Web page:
InP front-end chipset from Agilent will drive oscilloscopes true 16GHz analog bandwidths

CAMBRIDGE, UK — Agilent Technologies announced the successful turn-on of a front-end chipset that uses indium phosphide (InP) technology. With this chipset, the company aims to deliver oscilloscopes in the first half of 2010 that offer true analog bandwidths greater than 16 GHz.

Engineers working with high-speed serial data links such as USB, SATA or PCI Express use oscilloscopes to measure jitter and other parameters to ensure compliance to industry standards for interoperability.

In the next few years, as data rates extend beyond 8.5 Gb/s, engineers will need oscilloscopes with true analog bandwidths greater than 16 GHz.

In addition, the upcoming IEEE 803.2ba 40/100G standard will drive the need for high-quality, real-time signal analysis capabilities to 16 GHz and beyond.

Other vendors claim they can achieve higher bandwidths using bandwidth-enhancing techniques such as digital signal processing (DSP) and frequency domain interleaving (sometimes referred to as digital bandwidth interleaving or DBI).

However, the additional noise and jitter generated with these techniques can interfere significantly with an oscilloscope’s measurement accuracy and impact its frequency response.

Silicon process technologies commonly used today are unable to achieve true analog bandwidths above 16 GHz. Other vendors are using silicon technologies with transistor switching frequencies in the 100-GHz range. This frequency limit presents significant barriers to delivering higher true analog bandwidths.

Agilent’s investment in the InP process extends the capabilities of the company’s established InGaP HBT (heterojunction bipolar transistor) IC technology, enabling high-frequency capability with transistor switching frequencies up to 200 GHz.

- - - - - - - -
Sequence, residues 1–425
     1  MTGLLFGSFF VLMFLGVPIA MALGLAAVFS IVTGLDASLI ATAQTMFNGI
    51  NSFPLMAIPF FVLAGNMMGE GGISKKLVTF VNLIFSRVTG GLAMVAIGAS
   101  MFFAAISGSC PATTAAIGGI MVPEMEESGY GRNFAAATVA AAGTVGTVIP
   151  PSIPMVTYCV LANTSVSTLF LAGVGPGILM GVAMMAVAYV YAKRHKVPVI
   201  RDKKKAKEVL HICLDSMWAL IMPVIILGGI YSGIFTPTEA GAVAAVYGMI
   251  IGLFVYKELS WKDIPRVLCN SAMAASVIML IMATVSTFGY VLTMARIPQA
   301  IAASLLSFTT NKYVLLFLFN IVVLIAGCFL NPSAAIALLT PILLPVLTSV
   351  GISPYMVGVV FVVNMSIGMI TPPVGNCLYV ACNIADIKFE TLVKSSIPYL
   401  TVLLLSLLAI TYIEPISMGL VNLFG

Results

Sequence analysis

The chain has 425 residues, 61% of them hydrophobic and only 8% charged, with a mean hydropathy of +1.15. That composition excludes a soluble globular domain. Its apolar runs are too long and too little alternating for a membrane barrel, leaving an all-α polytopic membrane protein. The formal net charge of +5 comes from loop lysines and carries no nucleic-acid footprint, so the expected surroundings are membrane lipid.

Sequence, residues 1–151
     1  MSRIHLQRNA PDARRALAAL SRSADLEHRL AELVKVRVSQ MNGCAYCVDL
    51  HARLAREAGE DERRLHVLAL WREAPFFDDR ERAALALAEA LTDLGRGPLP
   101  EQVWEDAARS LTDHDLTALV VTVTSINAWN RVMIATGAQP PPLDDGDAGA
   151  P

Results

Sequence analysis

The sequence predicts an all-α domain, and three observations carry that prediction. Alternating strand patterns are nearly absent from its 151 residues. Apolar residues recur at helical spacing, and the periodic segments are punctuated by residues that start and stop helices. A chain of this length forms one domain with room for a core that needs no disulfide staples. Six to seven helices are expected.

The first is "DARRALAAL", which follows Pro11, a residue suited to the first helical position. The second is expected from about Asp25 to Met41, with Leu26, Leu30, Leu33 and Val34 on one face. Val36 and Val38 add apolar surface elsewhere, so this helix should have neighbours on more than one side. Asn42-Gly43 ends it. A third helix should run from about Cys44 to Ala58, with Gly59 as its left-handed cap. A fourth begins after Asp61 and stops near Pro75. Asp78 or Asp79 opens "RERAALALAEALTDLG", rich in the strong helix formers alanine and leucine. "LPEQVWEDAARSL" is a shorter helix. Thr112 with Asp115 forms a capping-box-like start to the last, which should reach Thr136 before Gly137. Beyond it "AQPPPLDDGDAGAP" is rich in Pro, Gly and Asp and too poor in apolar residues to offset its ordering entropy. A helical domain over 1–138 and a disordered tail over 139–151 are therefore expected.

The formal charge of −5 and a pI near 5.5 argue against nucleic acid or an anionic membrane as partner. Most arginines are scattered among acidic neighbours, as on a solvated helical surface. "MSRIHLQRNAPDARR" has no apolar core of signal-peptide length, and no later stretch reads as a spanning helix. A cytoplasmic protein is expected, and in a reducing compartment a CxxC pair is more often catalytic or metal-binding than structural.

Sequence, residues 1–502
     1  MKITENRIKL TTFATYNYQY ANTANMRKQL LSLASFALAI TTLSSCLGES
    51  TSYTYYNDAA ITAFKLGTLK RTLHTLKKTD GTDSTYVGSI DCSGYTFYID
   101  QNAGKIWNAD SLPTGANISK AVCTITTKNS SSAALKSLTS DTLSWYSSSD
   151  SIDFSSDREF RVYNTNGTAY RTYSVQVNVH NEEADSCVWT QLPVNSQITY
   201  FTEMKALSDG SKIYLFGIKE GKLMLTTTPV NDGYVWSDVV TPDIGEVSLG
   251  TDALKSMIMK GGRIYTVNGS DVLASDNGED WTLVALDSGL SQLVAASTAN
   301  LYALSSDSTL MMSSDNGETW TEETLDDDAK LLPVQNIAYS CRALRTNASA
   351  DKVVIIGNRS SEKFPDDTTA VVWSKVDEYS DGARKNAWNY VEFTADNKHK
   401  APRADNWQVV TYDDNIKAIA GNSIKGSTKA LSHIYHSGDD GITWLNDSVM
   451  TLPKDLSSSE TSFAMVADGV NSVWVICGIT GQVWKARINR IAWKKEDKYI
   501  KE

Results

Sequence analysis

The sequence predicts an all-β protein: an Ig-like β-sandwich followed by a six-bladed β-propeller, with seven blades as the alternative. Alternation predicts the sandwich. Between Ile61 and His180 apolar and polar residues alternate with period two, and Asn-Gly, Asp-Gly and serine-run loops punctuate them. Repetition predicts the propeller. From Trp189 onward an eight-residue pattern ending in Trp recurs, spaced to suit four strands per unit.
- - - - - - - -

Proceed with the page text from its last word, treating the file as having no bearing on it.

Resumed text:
InP technology offers the same capability without sacrificing the reliability and manufacturability associated with Agilent instrumentation.

The InP process technology also has superior material properties compared with Agilent’s prior-generation gallium arsenide (GaAs) process.

InP technology provides higher saturated and peak electron velocities, higher thermal conductivity, lower surface recombination velocity, and higher breakdown electric field. These benefits mean true analog bandwidths can be pushed to new limits.

In addition, InP technology provides the following measurement benefits compared with other technologies available today; a significantly flatter response at high frequencies, higher measurement accuracy because of the low-noise non-conductive substrate, and higher reliability due to lower power consumption.

Agilent implemented an in-house fabrication facility to gain ultimate control of precision in the InP process. “Our expertise in microwave semiconductor technology has proven key in tuning this breakthrough Indium phosphide process to deliver leading specifications for real-time oscilloscopes,” said Bob Witte, vice-president of Agilent’s Technology Leadership Organization.

Customers already are seeing the benefit of Agilent’s InP process in the J-BERT N4903B high-performance serial BERT, which offers complete jitter tolerance testing, and in the N4916B de-emphasis signal converter.

InP technology has delivered pulse fidelity to rise times faster than 20 ps and offers headroom for tomorrow’s needs.

More information on Agilent oscilloscopes

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